MAKE ME A HOURI, LA MAMA THEATRE, 2019
"Always a striking presence on stage..."
-Cameron Woodhead, The Age
HUNGRY GHOSTS, MELBOURNE THEATRE COMPANY, 2018
"With so many international students in our city, these felt like people you pass in the street everyday and are coolly acted by three young cast who resemble Ariel from Shakespeare’s The Tempest being cheeky, flexible and curious, on the cusp of adulthood. Their manner was relaxed and informal, like the good global citizens they are but the script points to the constraints of family and home country problems as voices inside their heads. The core of this work is alienation. Dislocation, inauthenticity, fragmentary realities and the slippages of identity."
-The Plus Ones
"These scenes form a fragmented quest to imagine the elusive truth behind the tragedy, and are delivered in a nimble performance style layered with choric effects by a three-strong ensemble (Emina Ashman, Jing-Xuan Chan and Bernard Sam)."
TOO READY MIRROR, DAREBIN SPEAKEASY, NORTHCOTE TOWN HALL, 2017
"Too Ready Mirror is a clever play, successfully showcasing the subordinate roles woman subconsciously play into and that they can’t escape. They are each trying to break free from men in powerful positions, victims of the male gaze. All three scenarios were equally intriguing."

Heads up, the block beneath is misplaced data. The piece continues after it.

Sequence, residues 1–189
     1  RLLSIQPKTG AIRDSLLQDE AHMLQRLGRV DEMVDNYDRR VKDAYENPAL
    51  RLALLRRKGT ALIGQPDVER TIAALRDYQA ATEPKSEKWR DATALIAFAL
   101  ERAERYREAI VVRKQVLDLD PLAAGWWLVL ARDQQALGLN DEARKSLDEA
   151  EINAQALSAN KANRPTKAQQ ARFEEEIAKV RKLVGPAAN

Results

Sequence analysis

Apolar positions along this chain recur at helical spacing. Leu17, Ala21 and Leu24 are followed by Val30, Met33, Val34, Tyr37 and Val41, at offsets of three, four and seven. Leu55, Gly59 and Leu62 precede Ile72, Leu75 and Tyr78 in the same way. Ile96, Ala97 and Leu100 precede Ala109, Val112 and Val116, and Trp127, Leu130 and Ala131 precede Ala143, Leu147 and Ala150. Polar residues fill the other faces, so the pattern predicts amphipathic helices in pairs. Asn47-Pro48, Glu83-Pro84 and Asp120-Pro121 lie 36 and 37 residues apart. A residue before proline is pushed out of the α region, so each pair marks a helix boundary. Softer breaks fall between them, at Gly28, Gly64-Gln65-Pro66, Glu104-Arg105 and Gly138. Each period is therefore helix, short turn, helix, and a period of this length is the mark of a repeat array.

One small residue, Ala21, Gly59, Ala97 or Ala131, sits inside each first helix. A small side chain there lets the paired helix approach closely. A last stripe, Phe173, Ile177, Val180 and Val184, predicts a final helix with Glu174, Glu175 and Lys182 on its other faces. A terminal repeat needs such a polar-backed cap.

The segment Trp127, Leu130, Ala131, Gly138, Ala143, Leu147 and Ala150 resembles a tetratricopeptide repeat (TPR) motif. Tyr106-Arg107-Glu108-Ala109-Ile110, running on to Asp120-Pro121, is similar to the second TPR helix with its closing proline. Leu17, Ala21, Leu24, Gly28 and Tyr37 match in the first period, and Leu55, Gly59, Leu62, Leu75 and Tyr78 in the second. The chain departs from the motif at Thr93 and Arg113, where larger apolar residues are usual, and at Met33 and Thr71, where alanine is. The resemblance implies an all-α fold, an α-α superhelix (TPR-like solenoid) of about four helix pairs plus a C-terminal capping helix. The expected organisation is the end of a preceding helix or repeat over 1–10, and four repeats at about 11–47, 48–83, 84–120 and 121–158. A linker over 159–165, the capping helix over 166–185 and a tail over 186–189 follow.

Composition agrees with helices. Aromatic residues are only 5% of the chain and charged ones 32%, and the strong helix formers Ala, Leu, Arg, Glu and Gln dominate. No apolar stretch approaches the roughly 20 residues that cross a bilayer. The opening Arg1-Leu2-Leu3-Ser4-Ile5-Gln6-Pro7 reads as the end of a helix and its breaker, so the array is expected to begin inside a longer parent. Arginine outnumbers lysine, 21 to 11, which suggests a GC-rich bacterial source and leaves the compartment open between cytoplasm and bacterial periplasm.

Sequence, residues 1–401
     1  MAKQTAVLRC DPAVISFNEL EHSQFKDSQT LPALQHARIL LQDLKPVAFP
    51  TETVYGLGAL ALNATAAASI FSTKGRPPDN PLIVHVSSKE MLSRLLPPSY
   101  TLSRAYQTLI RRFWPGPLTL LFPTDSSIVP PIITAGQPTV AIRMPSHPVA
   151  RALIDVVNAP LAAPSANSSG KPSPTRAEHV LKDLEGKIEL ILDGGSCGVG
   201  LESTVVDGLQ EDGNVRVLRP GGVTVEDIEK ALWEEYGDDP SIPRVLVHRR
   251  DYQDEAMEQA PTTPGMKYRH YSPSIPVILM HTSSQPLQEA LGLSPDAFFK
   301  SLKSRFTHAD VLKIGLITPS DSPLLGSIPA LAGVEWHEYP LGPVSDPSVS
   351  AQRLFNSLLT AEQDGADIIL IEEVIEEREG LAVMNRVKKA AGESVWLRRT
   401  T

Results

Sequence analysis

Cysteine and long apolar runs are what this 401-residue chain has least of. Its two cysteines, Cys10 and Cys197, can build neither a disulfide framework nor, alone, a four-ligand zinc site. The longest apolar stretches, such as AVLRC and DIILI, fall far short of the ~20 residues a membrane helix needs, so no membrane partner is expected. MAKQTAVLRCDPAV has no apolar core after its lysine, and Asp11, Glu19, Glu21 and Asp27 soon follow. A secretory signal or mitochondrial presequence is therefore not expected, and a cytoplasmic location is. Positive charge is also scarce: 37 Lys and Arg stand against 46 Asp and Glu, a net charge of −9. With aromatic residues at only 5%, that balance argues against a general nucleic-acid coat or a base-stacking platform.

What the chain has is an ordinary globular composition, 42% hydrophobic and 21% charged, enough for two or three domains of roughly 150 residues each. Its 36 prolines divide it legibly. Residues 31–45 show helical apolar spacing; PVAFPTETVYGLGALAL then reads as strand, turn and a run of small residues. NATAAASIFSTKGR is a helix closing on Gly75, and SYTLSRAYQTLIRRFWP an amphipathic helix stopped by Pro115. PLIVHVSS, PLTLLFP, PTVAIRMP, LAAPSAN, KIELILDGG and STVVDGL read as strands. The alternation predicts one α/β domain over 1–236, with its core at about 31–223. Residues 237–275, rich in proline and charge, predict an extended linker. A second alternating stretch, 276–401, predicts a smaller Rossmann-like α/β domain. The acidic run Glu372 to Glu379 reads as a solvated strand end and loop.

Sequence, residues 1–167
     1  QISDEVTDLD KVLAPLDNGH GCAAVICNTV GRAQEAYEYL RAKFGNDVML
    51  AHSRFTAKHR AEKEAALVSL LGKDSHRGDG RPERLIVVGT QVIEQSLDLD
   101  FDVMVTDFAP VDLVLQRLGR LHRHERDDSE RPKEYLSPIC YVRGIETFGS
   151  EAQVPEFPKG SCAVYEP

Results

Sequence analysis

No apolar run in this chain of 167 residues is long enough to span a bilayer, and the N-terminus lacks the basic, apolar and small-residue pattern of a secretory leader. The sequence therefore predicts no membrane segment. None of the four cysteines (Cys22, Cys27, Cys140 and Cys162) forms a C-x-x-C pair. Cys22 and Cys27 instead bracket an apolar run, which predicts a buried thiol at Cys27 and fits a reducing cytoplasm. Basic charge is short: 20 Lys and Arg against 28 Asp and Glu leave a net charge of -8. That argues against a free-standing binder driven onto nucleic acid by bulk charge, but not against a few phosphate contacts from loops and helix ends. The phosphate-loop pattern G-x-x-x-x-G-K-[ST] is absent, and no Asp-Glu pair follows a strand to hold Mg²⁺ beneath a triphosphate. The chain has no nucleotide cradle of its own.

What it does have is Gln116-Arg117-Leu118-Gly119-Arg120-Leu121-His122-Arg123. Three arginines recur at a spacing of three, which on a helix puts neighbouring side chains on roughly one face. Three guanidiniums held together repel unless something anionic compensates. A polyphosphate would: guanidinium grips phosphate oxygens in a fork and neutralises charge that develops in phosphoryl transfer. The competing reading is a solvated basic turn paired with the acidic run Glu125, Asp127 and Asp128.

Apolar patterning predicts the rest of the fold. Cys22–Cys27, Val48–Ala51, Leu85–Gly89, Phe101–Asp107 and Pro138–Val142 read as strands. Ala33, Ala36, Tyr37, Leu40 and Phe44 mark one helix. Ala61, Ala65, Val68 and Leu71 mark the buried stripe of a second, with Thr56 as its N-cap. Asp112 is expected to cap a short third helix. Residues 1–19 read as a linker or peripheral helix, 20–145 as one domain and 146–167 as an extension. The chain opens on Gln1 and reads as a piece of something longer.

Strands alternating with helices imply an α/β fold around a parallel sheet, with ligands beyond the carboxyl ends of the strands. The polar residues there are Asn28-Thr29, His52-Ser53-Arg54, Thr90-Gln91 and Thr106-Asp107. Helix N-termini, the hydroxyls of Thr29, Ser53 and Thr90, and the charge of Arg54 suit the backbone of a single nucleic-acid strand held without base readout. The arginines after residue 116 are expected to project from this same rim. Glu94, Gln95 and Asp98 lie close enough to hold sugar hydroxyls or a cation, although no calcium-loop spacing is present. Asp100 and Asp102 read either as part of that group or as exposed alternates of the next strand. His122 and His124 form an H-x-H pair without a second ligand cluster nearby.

- The Plus Ones
ROBERTO ZUCCO, LA MAMA AND ALLIANCE FRANÇAISE DE MELBOURNE, 2016
"It's all very French, with an Australian inflection that doesn't always gel but doesn't get in the way of strong performances, including Michael F. Cahill (who roves from hulking paterfamilias to lost old man), and Emina Ashman and Belinda Misevski, both magnetic as the two turbulent sisters."
"Despite her feistiness, scenes of Ashman’s disempowerment were disturbing, recalling the perception of women as male property in some parts of the world".
TALES OF A CITY BY THE SEA, LA MAMA COURTHOUSE, 2016
"With a textured performance, Ashman features in a number of these scenes. In one, Lama chooses to make sandwiches whilst bombs fall so that her family can feed the soon-to-be homeless. In another, she accepts the practicality of marriage, and its role in a personal statement of resistance. These scenes stand out for having a feeling of uncluttered authenticity."
-Australian Arts Review
BOCK KILLS HER FATHER, LA MAMA THEATRE, 2015
"Bock Kills Her Father is an unnerving, ambiguous drama that addresses female violence. The naive, diffident Bock (Emma Annand) has arrived on the streets of a dead-end country town, where a gang of feral young women raise hell. She falls in with the bullying leader of the pack (Marissa O'Reilly), her lesbian lieutenant (Ruby Hughes), and the easily led D'Agostino (brought to life by Emina Ashman through sharp tragic clowning)."
"Emina Ashman, as the slightly unhinged D’Agostino, captures the attention of the audience in every scene she is in. Ashman’s portrayal is a perfect combination of endearing, annoying and incredibly frightening."